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(News Focus) N. Korea's offer marks progress in nuclear standoff with U.S.

2018/03/07 05:15

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WASHINGTON, March 6 (Yonhap) -- North Korea's offer to discuss its nuclear weapons program with the United States marks a possible end to the two countries' impasse, but it remains to be seen what the regime's intentions are, according to U.S. analysts Tuesday.

In a surprise move, North Korean leader Kim Jong-un told a South Korean presidential delegation Monday that he would be willing to give up his nuclear pursuit in return for a security guarantee. He also offered to halt nuclear and ballistic missile tests if Washington agreed to hold talks with the regime.

U.S. President Donald Trump tweeted in response that he saw "possible progress" and noted "a serious effort" being made by all parties concerned.

Whether Trump will ultimately agree to talks with North Korea will depend on Pyongyang's next steps, said Ken Gause, a North Korea expert who is director of the International Affairs Group at CNA Corp.

"Pyongyang will have its own demands, some of which may be hard to swallow," he said in comments to Yonhap. "Depends on whether North Korea is truly willing to enter talks on denuclearization without preconditions, such as making demands on the back side."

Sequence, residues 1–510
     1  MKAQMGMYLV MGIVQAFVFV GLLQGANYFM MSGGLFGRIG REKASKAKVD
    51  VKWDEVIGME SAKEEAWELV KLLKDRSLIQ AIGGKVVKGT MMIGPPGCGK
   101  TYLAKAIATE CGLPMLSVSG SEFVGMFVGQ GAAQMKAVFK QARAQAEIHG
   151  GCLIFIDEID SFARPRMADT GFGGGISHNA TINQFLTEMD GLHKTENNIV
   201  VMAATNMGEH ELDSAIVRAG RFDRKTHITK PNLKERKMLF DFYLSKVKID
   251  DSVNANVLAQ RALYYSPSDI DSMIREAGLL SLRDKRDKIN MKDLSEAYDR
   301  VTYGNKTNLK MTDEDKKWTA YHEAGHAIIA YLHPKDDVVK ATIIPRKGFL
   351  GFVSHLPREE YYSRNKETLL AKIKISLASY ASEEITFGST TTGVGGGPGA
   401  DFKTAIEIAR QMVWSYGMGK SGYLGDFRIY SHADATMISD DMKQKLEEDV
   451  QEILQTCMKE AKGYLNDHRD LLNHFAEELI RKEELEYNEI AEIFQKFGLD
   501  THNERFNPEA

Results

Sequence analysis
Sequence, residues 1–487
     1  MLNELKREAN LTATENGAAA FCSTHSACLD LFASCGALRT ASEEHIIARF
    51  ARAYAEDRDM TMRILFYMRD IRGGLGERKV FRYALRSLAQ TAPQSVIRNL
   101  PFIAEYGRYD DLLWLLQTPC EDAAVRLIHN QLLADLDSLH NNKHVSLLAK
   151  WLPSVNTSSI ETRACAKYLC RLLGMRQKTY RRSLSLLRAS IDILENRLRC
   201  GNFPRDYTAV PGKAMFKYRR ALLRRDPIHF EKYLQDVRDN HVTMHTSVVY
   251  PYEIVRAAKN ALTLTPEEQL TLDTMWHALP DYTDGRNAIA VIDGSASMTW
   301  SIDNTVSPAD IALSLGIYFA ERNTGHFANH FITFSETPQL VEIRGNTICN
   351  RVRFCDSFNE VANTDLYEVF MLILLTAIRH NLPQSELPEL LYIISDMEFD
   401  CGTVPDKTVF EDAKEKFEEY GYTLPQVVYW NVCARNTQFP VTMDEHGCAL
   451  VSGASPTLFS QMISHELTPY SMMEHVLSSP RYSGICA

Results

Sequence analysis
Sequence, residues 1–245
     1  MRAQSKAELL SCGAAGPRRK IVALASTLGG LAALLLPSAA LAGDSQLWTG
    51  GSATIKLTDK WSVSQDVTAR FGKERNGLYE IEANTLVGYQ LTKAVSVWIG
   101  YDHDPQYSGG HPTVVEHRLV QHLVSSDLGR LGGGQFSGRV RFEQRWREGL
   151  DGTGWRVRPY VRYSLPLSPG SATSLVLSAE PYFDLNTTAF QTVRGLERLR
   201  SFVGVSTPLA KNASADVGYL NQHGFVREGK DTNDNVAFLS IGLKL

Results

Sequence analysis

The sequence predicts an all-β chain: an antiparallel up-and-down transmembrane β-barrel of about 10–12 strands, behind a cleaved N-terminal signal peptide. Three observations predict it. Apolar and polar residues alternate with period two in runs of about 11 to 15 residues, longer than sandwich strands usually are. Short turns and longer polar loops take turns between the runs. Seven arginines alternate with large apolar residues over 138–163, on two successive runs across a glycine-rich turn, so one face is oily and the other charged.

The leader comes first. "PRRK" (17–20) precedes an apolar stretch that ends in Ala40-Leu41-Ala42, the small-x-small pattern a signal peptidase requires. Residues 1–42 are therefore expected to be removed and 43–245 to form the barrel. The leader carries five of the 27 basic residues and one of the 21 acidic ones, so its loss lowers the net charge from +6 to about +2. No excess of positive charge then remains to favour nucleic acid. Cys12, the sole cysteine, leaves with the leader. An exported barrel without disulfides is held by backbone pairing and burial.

If North Korea calls for an end to joint military exercises between South Korea and the U.S., Washington could refuse to meet, he said. North Korea has long condemned the drills as rehearsals for an invasion.

Trump is likely to decide on his next move after being briefed on the Koreans' meeting. South Korean President Moon Jae-in's top national security adviser, Chung Eui-yong, and National Intelligence Service chief Suh Hoon are scheduled to travel to Washington later this week to brief U.S. officials on their meeting with Kim.

But according to Scott Snyder, chief Korea analyst at the Council on Foreign Relations, the North Koreans "need to communicate their intentions directly to the United States" in addition to having Chung play an intermediary role.

He acknowledged that the pledge to suspend nuclear and missile tests is an "important potential development that could shape a positive environment for negotiations."

   Growing economic and diplomatic sanctions against Pyongyang appear to be having an effect, said Robert Manning, a senior fellow at the Atlantic Council think tank.

"That Pyongyang has suddenly put its nuclear weapons program back on the table underscores that comprehensive economic sanctions have disrupted their economy and are causing significant pain," he said. "The Trump administration deserves credit for mobilizing the global community to isolate North Korea and getting tough U.N. Security Council resolutions on sanctions passed."

   Manning argued there is no reason for Washington to hesitate to begin exploratory talks.

"(U.S. Secretary of State) Rex Tillerson should be on the next flight to Pyongyang," he said. "It is important to have parallel U.S.-North Korea and North-South talks, to minimize any gap in the (South Korea) and U.S. approach to North Korea."

   As to whether Pyongyang appears to be serious about giving up its nuclear program, the analysts offered diverging views based on the premise the regime intends to ensure its survival.

"If Kim can get a better guarantee than that provided by nukes, as Kim intimated, then the nukes are no longer needed," Snyder said.

Gause, however, pointed out, "We are a long way from that point. It will take a lot of carrots and confidence building for Kim to begin a serious dismantling of the program."